More than 10% of Fortune 500 companies are run by women—the highest number in Fortune’s 69 years of publishing the list.
- Fortune 500 companies are ranked by revenue—listing some of the most successful companies in the U.S.
- The list provides a microcosm of American business and gives analysts a better idea of how diverse the American workplace is.
- Of the 500 companies listed, 52 are led by female CEOs this year, an 18% increase from last year. Twelve of these CEOs were hired in the last year.
- More women are being hired as CEOs as more companies look for more diverse leadership and input in their executive teams.
Why it’s news
The increase in women-led companies coincides with significant change for many institutions. The rise of artificial intelligence (AI) is forcing many businesses to re-evaluate their status quo, and at least some are emphasizing diverse hiring.
“The era of A.I. is requiring companies to reinvent every aspect—we call it total enterprise reinvention,” Accenture CEO Julie Sweet says. “Diverse leaders have had to continuously reinvent and adapt at a personal level throughout their careers. They’re resilient, adaptable, and have to be pioneers.”
Of the 52 female CEOs on the list, 12 were hired in the last year. Several were internal hires, such as Cummins CEO Jennifer Rumsey, American Electric Power CEO Julia A. Sloat, and Reliance Steel & Aluminum CEO Karla R. Lewis. Others like Fannie Mae’s Priscilla Almodovar and Lumen CEO Kate Johnson were external hires.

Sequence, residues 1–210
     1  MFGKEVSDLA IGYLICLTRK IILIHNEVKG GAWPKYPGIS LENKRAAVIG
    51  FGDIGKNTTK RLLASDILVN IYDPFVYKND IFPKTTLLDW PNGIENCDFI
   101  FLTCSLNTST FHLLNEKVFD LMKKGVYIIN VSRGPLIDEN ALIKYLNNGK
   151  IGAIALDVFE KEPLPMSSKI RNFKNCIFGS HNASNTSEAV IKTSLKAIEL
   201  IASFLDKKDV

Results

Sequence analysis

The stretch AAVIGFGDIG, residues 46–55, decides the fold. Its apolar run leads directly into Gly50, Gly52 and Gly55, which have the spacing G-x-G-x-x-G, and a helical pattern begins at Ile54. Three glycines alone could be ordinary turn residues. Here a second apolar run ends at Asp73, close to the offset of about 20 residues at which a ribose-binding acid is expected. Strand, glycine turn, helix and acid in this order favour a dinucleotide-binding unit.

Mary Dillon, the former CEO of Ulta Beauty, is once again the CEO of a Fortune 500 company, running Foot Locker. Sue Gove has been overseeing the bankruptcy of Bed Bath & Beyond, which is still included as a Fortune 500 company for now.
Some female CEOs who appeared on the list last year have moved on to other positions. For example, Gap Inc.’s former CEO Sonia Syngal left the company after a two-year tenure. Michelle Gass, former Kohl’s CEO, is now at Levi’s and is positioned for higher leadership roles there. Levi’s is not a Fortune 500 company.
Linda Rendle is still running the cleaning product company Clorox, but the business is no longer included on the Fortune 500 list.
CVS Health is once again the largest Fortune 500 company led by a female CEO, ranking number six overall. The next on the list is General Motors, run by Mary Barra, at number 21 on the list.
While more women CEOs are joining the list, there are still relatively few women of color. Walgreens Boots Alliance’s Roz Brewer and TIAA CEO Thasunda Brown Duckett are the only two black female CEOs on the list. Other women of color on the list are Fannie Mae’s Almodovar, AMD’s Lisa Su, and Yum China’s Joey Wat.
Here are the top 10 women CEOs on the Fortune 500 list with their company rank:
- 6 – Karen Lynch, CVS Health
- 21 – Mary Barra, General Motors
- 22 – Gail Boudreaux, Anthem
- 25 – Sarah London, Centene
- 27 – Roz Brewer, Walgreens Boots Alliance
- 28 – Priscilla Almodovar, Fannie Mae
- 36 – Jane Fraser, Citigroup
- 37 – Carol Tomé, United Parcel Service
- 88 – Susan Griffith, Progressive
- 94 – Corie Barry, Best Buy